The government has declared Friday, 21st September 2018 as a statutory public holiday.
A statement signed by Ambrose Dery, the Minister for Interior, says the day marks the birthday of Osagyefo Dr Kwame Nkrumah which is often declared Kwame Nkrumah Memorial Day.
The statement further asked all and sundry to observe the day as such throughout the country.
Kwame Nkrumah Memorial Day is a day set aside to remember and honour Ghana’s first
Osagyefo Dr Kwame Nkrumah, Ghana’s first President, was born on September 21, 1909 at Nkroful in the Western Region.
He attended Achimota School and also trained as a teacher. He went to the United States in 1935 for advanced studies, receiving a B.A. from Lincoln University in 1939.
He also received an STB (Bachelor of Sacred Theology) in 1942, a Master of Science in Education from the University of Pennsylvania in 1942 and a Master of Arts in Philosophy the following year.
While lecturing in Political Science at Lincoln, Dr Nkrumah was elected President of the African Students Organisation of America and Canada.
He continued his schooling in England, where he helped to organise the Fifth Pan-African Congress in 1945.
He then founded the West African National Secretariat to work for the decolonisation of Africa. Nkrumah also served as Vice-President of the West African Students’ Union (WASU).
During his lifetime, Nkrumah was awarded honorary doctorates by Lincoln University, Moscow State University, Cairo University, Jagielloniaan University in Krakow, Poland and Humboldt University in former East Germany.
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Formation of the CPP
On June 12, 1949, Dr Nkrumah led the formation of the CPP at Arena in Accra before a crowd of some 60,000.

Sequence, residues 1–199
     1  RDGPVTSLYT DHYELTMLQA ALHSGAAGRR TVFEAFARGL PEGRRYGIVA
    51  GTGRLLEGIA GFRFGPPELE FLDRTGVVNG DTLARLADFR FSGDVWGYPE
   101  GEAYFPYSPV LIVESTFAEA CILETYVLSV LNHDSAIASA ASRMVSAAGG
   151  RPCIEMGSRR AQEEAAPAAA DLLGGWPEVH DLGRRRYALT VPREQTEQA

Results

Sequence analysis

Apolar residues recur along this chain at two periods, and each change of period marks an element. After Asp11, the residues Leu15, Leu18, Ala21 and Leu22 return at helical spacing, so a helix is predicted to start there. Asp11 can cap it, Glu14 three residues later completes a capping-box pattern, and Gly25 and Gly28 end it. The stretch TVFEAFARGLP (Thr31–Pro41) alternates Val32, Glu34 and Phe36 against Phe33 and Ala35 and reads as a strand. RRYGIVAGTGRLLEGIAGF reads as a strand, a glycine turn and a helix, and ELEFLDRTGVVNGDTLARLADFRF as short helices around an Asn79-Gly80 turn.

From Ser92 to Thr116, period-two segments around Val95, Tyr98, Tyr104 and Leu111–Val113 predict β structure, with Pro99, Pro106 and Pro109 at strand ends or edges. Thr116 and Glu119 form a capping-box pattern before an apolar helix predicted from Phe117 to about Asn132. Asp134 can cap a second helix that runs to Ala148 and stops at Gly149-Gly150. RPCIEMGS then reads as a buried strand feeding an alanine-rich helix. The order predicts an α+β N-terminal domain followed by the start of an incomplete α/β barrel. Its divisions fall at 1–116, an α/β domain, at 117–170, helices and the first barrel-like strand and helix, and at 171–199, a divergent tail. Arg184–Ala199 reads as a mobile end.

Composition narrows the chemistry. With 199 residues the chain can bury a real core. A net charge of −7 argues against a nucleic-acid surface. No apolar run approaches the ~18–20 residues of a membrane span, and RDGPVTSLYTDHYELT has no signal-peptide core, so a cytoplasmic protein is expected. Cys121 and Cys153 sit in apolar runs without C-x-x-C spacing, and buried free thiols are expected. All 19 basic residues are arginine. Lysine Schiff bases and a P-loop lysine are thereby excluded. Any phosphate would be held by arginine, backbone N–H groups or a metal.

He was made Chairman, with Komla Agbeli Gbedemah as Vice Chairman and Kojo Botsio as Secretary. Other members of the Central Committee included N.A. Welbeck, Kwesi Plange, Krobo Edusei, Dzenkle Dzewu and Ashie Nikoi.
Dr Nkrumah declared “positive action” on January 8, 1950 in front of a large CPP crowd at a public meeting in Accra. He travelled to Sekondi, Cape Coast and Takoradi to repeat it.
The colonial government declared a state of emergency which took effect on January 12, 1950, and prohibited the holding of processions, imposed curfews and disconnected public services in certain areas.
Three years imprisonment
Dr Nkrumah was arrested on January 21, 1950, tried for inciting an illegal strike and sedition for an article in the Cape Coast Daily Mail and sentenced to three years imprisonment.
Mr Gbedemah kept the party running and was in constant touch with Dr Nkrumah who was held at the James Fort Prison from where messages were smuggled out on toilet paper to the party headquarters.
While in prison, Dr Nkrumah led the CPP to achieve a stunning victory in the February 1951 election.
He was freed to form a government, and he led the colony to independence in 1957.
A firm believer in African liberation, Nkrumah pursued a radical pan-African policy, playing a key role in the formation of the Organisation of African Unity in 1963.
At home, he led a massive socio-economic development that saw the springing up of infrastructure across the country.
As time passed, he was accused of being a dictator and also of forming a one-party state in 1964, with himself as President for life, as well as actively promoting a cult of his own personality.
Overthrown by the military in 1966 with the help of Western backing, he spent his last years in exile, dying in Bucharest, Romania, on April 27, 1972. His legacy and dream of a “United States of Africa” still remains a goal among many.